by Tony Dayoub
Inpired by a true story, The Great Debaters, Denzel Washington’s assured directorial follow-up to Antwone Fisher, is a fascinating look at a group of 1930s-era African-American college students, and how their professor, Melvin Tolson (Washington), shaped them into one of the strongest college debate teams in the U. S. while struggling to overcome the obstacles they faced in the Jim-Crow South.
Washington has successfully executed one of the first directives of a novice director, surround yourself with talented collaborators. The story is told through the eyes of young James Farmer, Jr. (Denzel Whitaker), a gifted 14-year-old who harbors a crush for one of his teammates. She is Samantha Booke (Jurnee Smollett), the first female to make it into Wiley College’s debate team. But she has a crush of her own, the haunted Henry Lowe (Nate Parker), whose escapes into seedy juke-joints dull the rage he feels at his inability to retaliate for the era’s injustices towards blacks. The young Whitaker communicates the odd contradiction of his character, both lacking maturity in his disdain for Samantha’s attraction to their teammate, yet wise beyond his years in the way he nurtures the couple, and therefore the team, through their highs and lows. Smollett is all fiery indignation when arguing a topic at the podium, but this belies her character’s kind and sensitive nature. Parker portrays Lowe with an eerie intensity reminiscent of director Washington’s own performances. Strong supporting players, including Forest Whitaker (The Last King of Scotland), John Heard (The Pelican Brief), Kimberly Elise (Diary of a Mad Black Woman), and Gina Ravera (The Closer), round out the cast.
Not limited to his cast, Washington’s top-notch crew also help to deliver a winning motion picture. Cinematographer Philippe Rousselot (Henry & June) captures the tangerine tones of hot Marshall, Texas without descending into the cliched, golden, nostalgia-drenched photography of other films of this type, like Dead Poets Society. All the better to contrast the optimistic world of Wiley College with the gritty harshness of the dark southern nightlife, a world replete with juke-joints, lynchings, and secretive labor union meetings. James Newton Howard and Peter Golub’s score is subtle for most of the movie, but appropriately rousing as the team heads toward prestige in the academic world.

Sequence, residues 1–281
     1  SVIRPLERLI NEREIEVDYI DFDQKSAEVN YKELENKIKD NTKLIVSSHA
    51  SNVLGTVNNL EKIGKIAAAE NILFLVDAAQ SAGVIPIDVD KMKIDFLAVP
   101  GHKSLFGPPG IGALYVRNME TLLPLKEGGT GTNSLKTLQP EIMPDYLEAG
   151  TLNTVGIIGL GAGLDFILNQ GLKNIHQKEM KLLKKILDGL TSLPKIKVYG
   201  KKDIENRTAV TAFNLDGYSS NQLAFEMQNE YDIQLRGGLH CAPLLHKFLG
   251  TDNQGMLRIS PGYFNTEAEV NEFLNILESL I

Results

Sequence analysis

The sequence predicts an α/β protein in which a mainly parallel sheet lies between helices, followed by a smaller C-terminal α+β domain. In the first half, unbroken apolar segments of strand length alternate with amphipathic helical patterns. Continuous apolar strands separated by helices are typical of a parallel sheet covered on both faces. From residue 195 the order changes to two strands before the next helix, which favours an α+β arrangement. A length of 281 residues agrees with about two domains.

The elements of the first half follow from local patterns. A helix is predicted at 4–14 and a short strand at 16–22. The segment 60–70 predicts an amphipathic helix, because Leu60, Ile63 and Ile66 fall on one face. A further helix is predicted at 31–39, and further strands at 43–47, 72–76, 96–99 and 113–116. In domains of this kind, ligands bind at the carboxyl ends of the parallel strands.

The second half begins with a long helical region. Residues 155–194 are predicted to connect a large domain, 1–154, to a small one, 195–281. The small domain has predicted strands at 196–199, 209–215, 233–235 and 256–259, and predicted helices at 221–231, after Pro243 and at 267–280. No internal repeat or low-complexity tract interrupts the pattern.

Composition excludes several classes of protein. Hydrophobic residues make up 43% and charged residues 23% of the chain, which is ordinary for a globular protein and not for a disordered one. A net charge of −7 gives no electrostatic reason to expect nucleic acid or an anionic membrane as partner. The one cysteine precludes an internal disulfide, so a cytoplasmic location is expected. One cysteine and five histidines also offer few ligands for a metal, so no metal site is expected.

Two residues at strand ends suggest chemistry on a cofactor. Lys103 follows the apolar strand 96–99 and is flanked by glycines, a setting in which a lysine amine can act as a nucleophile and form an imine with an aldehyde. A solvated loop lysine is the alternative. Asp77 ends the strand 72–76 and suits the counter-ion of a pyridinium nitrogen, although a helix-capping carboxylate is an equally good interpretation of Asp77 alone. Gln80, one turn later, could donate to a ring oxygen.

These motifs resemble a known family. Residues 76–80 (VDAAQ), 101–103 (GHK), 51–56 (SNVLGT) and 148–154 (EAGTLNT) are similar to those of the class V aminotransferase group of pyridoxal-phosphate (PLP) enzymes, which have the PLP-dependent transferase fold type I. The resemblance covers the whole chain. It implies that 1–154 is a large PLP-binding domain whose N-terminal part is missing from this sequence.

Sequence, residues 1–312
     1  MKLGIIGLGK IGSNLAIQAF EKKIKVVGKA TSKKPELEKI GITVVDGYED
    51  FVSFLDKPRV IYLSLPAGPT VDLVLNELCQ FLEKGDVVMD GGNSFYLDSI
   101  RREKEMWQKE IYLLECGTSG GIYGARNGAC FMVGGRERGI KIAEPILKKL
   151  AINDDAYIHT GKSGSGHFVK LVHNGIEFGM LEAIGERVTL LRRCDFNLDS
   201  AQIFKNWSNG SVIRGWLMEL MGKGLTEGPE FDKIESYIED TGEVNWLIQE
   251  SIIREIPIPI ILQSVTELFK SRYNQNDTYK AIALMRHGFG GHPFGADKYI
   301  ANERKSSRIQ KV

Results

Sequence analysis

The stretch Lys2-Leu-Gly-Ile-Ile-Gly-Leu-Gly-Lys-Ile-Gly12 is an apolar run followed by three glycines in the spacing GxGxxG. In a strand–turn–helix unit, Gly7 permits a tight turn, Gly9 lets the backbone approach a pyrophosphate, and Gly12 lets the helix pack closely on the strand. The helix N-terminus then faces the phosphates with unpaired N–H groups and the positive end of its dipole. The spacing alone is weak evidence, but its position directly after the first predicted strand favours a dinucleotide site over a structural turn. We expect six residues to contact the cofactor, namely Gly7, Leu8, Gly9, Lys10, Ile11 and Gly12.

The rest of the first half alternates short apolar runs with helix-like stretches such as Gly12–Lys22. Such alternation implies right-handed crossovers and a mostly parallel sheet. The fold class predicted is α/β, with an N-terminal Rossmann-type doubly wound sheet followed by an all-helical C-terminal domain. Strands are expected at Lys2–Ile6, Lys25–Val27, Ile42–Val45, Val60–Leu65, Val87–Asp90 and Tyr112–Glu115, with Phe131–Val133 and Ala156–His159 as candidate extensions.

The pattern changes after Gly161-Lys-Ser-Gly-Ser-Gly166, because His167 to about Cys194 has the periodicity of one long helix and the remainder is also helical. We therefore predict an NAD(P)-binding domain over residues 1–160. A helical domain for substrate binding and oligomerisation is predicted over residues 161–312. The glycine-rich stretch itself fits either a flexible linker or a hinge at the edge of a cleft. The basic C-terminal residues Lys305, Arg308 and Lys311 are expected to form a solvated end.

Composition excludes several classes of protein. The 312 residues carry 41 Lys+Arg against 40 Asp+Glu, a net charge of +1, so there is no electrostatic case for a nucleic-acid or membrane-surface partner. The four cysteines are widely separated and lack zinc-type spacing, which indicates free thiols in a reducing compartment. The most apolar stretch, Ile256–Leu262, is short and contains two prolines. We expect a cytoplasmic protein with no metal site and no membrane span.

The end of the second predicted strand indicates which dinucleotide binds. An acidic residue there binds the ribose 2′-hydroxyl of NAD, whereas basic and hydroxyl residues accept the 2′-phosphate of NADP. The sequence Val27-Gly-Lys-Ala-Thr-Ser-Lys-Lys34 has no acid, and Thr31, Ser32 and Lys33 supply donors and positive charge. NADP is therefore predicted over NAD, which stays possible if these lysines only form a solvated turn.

Robert Eisele’s screenplay is smart in that its protagonists are allowed to be flawed individuals. It is only together as a team that they, and even their leader, Professor Tolson, succeed in achieving their ambitions. Great care is taken to demonstrate this as each time one of the members is not present, failure inevitably follows. The key example is midway through the film, when Lowe’s nighttime tryst with a woman he picks up, is observed by Samantha. Lowe was the first to walk out on the team to go rabble-rousing. Samantha, second, after her pride is hurt by his philandering. Farmer, preoccupied with the team’s crumbling dynamic, may be there physically, but loses focus as their upcoming debate with prestigious Howard University approaches. The lion’s share of the blame goes to Tolson, who is distracted by his attempts to organize a union for Southern sharecroppers – an extraneous subplot that ultimately leads nowhere - instead of keeping the team in line. Tolson has been oblivious to the love triangle within his own team, risking their chance to reach their ultimate goal, debating a white college.
Denzel Washington’s direction of his actors is bold, while maintaining restraint with the visuals. He does not try to impress with flashy angles until necessary. He wisely chooses to have his excellent actors carry the story. But the debates, which could easily have been the slowest parts of the film, are enlivened by Rousselot’s constantly moving camera, and the composers' judicious use of music.
The DVD has a great amount of interesting extras. If you get the single disc, you'll get deleted scenes, a documentary with the real-life debaters, and a couple of music videos. The two-disc includes all that and a couple of documentaries on the film's music, a couple of documentaries focusing on the young actors, the poetry of Melvin B. Tolson, and much more.
It is rare to find an uplifting movie that does not preach or devolve into a cliched "inspirational" tearjerker. This is an excellent one to watch, and I hope to see another of Washington's directorial efforts soon.
The Great Debaters will be available on single and two-disc standard DVD on 5/13.
Still provided courtesy of Genius Products and The Weinstein Company.